NPR's "Take A Number" series is exploring problems around the world — and solutions — through the lens of a single number.
One of the places many people are first prescribed opioids is a hospital emergency room. But in one of the busiest ERs in the U.S., doctors are relying less than they used to on oxycodone, Percocet, Vicodin and other opioids to ease patients' pain.
In an unusual program designed to help stem the opioid epidemic, the emergency department at St. Joseph's University Medical Center in Paterson, N.J., has been exploring alternative painkillers and methods. That strategy has led to a 58 percent drop in the ER's opioid prescriptions in the program's first year, according to numbers provided by St. Joseph's Healthcare System's chair of emergency medicine, Dr. Mark Rosenberg.
"There is a complete change in philosophy, a complete change in culture in the department," says Rosenberg, who launched the Alternatives to Opiates program in 2016 with Dr. Alexis LaPietra, the medical director of pain management in the emergency department.
Last year, the program was highlighted during a visit to the hospital by the chair of President Trump's commission to study the national opioid crisis, former New Jersey Gov. Chris Christie.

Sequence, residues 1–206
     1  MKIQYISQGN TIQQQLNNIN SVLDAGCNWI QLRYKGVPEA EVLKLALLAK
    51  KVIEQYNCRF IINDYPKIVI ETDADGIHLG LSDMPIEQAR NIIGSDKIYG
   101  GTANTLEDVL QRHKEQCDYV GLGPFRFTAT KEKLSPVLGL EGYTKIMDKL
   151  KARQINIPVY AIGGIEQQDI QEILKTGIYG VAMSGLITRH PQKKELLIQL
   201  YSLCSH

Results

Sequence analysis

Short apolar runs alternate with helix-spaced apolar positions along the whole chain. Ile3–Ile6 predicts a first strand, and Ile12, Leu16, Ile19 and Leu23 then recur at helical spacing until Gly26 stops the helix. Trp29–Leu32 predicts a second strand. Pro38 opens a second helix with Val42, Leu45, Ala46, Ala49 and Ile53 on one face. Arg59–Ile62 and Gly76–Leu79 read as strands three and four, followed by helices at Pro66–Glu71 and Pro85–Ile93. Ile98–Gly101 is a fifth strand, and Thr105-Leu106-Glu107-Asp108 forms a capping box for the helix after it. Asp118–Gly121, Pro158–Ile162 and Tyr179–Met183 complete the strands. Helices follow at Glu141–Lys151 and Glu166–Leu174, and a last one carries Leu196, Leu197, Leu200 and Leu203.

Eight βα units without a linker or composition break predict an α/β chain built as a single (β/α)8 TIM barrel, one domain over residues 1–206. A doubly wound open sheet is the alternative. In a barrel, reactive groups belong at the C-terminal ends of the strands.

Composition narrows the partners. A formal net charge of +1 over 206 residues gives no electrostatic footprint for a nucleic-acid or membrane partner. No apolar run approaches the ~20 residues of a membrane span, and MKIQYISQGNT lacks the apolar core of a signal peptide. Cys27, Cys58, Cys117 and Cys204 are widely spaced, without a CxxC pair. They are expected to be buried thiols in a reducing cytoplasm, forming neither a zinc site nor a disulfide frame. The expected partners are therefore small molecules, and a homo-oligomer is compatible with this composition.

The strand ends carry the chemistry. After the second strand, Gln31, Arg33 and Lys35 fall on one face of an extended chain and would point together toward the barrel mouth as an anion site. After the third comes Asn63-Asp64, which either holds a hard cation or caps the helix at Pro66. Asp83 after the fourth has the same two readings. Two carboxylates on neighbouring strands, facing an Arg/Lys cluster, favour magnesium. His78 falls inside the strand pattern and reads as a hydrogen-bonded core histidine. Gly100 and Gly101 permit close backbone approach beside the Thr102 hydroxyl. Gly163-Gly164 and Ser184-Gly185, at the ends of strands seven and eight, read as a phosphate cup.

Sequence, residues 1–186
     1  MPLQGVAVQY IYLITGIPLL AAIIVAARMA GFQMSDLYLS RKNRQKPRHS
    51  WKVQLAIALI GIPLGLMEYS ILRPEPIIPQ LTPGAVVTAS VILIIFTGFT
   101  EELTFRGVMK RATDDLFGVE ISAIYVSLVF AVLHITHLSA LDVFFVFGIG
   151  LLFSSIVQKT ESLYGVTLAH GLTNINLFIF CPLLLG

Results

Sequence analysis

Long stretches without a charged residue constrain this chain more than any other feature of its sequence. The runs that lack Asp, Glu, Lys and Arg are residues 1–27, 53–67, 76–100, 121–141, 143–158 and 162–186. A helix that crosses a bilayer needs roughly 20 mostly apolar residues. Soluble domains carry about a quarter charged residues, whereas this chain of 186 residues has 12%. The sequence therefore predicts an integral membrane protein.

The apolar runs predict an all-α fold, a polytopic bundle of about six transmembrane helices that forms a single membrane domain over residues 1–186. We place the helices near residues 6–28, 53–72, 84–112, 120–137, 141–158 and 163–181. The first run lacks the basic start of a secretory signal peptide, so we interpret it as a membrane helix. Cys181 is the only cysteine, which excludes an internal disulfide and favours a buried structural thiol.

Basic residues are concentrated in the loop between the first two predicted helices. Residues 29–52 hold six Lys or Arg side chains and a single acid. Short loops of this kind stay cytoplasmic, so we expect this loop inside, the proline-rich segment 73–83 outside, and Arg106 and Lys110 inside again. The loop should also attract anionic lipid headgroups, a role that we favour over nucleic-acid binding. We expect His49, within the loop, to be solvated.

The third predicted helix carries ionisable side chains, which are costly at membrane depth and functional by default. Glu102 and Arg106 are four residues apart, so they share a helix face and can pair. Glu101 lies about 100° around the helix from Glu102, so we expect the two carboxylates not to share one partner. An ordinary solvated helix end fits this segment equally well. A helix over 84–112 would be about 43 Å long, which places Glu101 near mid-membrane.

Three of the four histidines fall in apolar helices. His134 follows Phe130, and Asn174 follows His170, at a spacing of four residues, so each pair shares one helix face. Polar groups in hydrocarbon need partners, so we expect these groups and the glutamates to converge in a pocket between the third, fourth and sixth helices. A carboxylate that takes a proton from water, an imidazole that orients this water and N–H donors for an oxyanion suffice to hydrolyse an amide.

Patients are experiencing the shift in care for painful symptoms related to various diagnoses, including kidney stones, broken bones and muscle spasms. It was a muscle spasm and a deep bruise from a subsequent fall that brought Jonathan Milton, a 43-year-old forklift driver from Jersey City, N.J., hobbling into St. Joseph's ER one morning in January. A couple nights earlier, Milton was at home, lying on the floor and watching TV. He accidentally fell asleep on his left side. When he woke up the next morning, he could barely get up. From his left hip down to his leg, he says, the spasm left him feeling "like somebody just came into that room, just kicked me and kept moving." Later at work, when he tried to get up into the forklift, he fell. "I was so much in pain — tears were coming out my eyes," he said as he waited in a hospital chair for more instructions from his doctors. Milton has come into this ER in pain before. "I did see from your visit you were here for that shoulder sprain," said LaPietra, after checking the hospital's records about Milton's 2011 visit. "You did get opioids. You got Percocet." Back then, opioid painkillers were part of the emergency department's first line of offense against pain. Today, opioids are not banned, but LaPietra says sometimes the best way to reduce the pain from a muscle spasm, for example, is dry needling of a trigger point, not a pill. "Because it's so contained, it's hard for that medication to actually get into the spasm," she explains, adding that the dry needle can break up the muscle tissue and mechanically stop the spasm and the pain — with no medication needed. The dry needling is followed with a small injection of a local anesthetic for the soreness caused by the needle. The ER team at St. Joseph's employs a number of other pain-relieving strategies, too: using patches of lidocaine (a non-opioid painkiller); ultrasound to find nerves so they can inject numbing agents; laughing gas for patients to breathe in through a mask, and even a harpist to roam the halls to soothe patients, who are then often sent home with instructions to use ibuprofen, acetaminophen or a warm compress rather than opioids.